Lee Curtin Mayo Clinic
Poster ID: ONCO-08 (Session: PS01)
"Transcriptomic Analysis of Image-Localized High-Grade Glioma Biopsies Reveals Meaningful Cellular States"

High-grade glioma continues to have dismal survival with current standard-of-care treatment, owing in part to its intra- and inter-patient heterogeneity. Typical diagnostic clinical biopsies are taken from the dense tumor core to determine the presence of abnormal cells and the status of a few key genes. However, the tumor core is removed during surgery, leaving behind possibly genetically, transcriptomically and/or phenotypically distinct invasive margins that repopulate the disease. As these remaining populations are the ones ultimately being treated, it is important to know their compositional differences from the tumor core. We aim to identify the phenotypic niches defined by the relative composition of key cellular populations and understand their variation amongst patients. We have established an image-localized research biopsy study, that samples from both the invasive margin and tumor core. From this protocol, we currently have 202 samples from 58 patients with available bulk RNA-Seq, collected between Mayo Clinic and Barrow Neurological Institute. Using a single-cell reference dataset from our collaborators at Columbia University, we used CIBERSORTx, a support vector machine deconvolution method, to predict relative abundances of normal, glioma, and immune cell states for each sample. We also applied Monocle, an algorithm that uses reversed graph embedding, to this dataset. Monocle orders samples on a low dimensional space by pseudotime, and provides a graph of transitions between end states. We find that these cell state abundances connect to patient survival and show regional differences. We analyze the robustness of these methods, and highlight the importance of characterizing residual glioma to better understand the recurrent disease.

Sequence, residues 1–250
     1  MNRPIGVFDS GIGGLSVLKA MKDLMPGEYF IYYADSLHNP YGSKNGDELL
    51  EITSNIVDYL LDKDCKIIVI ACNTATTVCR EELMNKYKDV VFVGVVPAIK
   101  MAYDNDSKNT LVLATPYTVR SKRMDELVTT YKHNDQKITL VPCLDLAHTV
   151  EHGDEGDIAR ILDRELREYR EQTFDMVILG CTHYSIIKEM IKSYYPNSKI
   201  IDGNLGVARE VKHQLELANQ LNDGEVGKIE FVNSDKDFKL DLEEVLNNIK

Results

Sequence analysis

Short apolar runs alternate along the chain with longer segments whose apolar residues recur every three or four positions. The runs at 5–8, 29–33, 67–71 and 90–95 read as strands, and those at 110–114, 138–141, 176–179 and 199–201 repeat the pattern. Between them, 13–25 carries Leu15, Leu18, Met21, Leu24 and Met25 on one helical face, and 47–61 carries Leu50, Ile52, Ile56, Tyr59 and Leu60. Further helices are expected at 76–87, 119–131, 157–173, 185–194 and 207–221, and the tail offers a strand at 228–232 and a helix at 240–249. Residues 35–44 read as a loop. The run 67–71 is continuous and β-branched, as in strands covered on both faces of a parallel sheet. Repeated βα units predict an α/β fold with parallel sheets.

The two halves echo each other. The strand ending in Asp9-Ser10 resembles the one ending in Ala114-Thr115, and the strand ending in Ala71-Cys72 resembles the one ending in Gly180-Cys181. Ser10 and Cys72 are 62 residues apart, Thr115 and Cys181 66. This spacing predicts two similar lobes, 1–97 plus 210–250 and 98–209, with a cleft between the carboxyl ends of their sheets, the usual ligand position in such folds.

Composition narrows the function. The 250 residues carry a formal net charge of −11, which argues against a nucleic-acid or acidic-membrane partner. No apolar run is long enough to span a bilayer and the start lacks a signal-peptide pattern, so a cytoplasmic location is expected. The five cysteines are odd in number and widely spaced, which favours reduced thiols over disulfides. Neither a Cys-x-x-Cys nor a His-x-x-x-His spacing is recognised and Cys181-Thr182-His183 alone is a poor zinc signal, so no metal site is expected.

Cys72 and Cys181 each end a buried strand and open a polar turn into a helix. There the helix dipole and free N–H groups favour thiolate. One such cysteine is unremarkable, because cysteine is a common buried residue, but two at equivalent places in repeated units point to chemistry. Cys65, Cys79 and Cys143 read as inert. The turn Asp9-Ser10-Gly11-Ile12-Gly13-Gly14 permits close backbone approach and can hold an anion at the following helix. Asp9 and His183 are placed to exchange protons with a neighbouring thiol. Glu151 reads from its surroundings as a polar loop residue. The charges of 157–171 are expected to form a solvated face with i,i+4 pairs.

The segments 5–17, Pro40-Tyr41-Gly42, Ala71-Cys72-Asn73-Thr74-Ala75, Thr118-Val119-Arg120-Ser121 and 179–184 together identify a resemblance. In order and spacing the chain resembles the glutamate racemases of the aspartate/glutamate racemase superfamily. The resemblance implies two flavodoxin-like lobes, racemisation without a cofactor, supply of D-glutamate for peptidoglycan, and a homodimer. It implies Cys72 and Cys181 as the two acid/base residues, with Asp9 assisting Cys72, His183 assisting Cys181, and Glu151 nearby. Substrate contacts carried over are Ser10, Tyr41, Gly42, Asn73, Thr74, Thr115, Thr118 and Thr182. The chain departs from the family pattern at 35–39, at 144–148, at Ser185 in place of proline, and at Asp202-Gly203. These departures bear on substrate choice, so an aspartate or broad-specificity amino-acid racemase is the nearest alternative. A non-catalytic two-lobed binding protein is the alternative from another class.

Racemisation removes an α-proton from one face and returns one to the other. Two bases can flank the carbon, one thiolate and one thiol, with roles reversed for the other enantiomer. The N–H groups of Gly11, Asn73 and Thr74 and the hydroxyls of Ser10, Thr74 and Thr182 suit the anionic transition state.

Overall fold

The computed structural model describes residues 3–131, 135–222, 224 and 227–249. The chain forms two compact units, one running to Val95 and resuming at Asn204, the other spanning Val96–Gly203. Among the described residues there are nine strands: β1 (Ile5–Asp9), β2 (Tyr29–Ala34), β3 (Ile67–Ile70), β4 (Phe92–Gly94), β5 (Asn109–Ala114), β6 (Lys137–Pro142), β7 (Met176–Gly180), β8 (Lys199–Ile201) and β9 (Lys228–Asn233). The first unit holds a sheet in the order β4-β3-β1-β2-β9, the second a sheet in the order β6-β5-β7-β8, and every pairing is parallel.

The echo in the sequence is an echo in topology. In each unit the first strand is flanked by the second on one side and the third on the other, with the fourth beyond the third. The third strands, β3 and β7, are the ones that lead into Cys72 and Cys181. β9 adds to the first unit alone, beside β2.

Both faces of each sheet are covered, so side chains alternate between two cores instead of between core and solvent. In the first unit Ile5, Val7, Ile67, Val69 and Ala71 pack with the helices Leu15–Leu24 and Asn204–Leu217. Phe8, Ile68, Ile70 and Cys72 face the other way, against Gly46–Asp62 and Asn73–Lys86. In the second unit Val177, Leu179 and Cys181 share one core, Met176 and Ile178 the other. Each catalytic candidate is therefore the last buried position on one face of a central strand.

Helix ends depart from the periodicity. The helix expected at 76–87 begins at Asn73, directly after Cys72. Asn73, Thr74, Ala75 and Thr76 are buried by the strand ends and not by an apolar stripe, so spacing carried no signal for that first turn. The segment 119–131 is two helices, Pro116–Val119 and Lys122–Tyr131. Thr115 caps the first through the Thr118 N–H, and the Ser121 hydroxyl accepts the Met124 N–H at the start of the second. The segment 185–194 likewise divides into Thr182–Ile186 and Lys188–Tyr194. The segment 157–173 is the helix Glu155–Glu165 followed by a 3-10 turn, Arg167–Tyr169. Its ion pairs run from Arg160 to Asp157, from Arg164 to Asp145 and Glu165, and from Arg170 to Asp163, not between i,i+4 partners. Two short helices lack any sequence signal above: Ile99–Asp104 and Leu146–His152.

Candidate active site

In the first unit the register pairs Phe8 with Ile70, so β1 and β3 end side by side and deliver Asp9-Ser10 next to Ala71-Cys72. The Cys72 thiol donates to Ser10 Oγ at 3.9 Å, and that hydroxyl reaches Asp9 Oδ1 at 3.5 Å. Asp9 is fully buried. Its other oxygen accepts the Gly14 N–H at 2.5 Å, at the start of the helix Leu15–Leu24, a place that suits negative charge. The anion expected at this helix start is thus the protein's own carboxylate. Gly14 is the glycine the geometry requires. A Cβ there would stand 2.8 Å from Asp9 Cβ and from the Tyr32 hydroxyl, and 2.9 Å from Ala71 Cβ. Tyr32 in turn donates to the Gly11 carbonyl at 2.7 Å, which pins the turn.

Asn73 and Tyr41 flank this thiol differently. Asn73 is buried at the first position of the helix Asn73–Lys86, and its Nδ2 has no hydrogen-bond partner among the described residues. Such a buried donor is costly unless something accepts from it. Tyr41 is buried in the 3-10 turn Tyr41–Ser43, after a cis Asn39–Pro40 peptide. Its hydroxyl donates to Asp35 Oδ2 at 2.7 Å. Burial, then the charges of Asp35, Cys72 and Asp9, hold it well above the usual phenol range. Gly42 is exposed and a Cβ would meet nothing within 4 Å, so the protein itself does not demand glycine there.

Malgorzata Tyczynska Weh Moffitt Cancer Center
Poster ID: ONCO-09 (Session: PS01)
"Modeling selection for evolvability in the evolution of cancer therapy resistance"

Despite rapid initial responses and low toxicity, targeted therapies commonly fail to provide long-term benefits to cancer patients due to the development of therapy resistance. In multiple solid tumors, this resistance emerges due to gradual, multifactorial adaptation, i.e., a selective process combining genetic and non-genetic methods of cell diversification. This suggests a significant link between the evolution of cancer treatment resistance and evolvability – a selective trait of generating heritable phenotypic variation. However, the interplay between selection, evolvability, and resistance has not yet been fully investigated. We addressed this problem by studying the selection for mutator phenotype. The mutator phenotype is common in many cancers and results from errors in DNA repair mechanisms. This phenotype generates mutations at a higher frequency than other phenotypes. Since mutations can both benefit or reduce cell viability, we hypothesized that the selection for a mutator phenotype changes during the evolution of resistance to cancer targeted therapies. We tested this hypothesis by developing a 2D on-lattice Agent-Based Model (ABM). In the model, a cell can die, divide and mutate, yet mutations have a stochastic impact that can be beneficial, neutral, or deleterious for the individual cell fitness. Consequently, the resistance emerges as a stochastic event depending on the mutation frequency. Our results demonstrate that 1) the mutator phenotype initially accelerates adaptation to treatment, but 2) only intermediate mutation frequencies can sustain high fitness long-term. This work provides a versatile experimental platform that can be adjusted to study the evolution of resistance in other cancers and treatments. Moreover, our results challenge the commonly held assumption that resistance develops only due to pre-existing driver mutations and provide an opportunity to integrate evolutionary theory and oncology to improve treatment in cancer patients.

Maximilian Strobl Cleveland Clinic
Poster ID: ONCO-10 (Session: PS01)
"Using mathematical modeling to design protocols for preclinical testing of evolutionary therapies"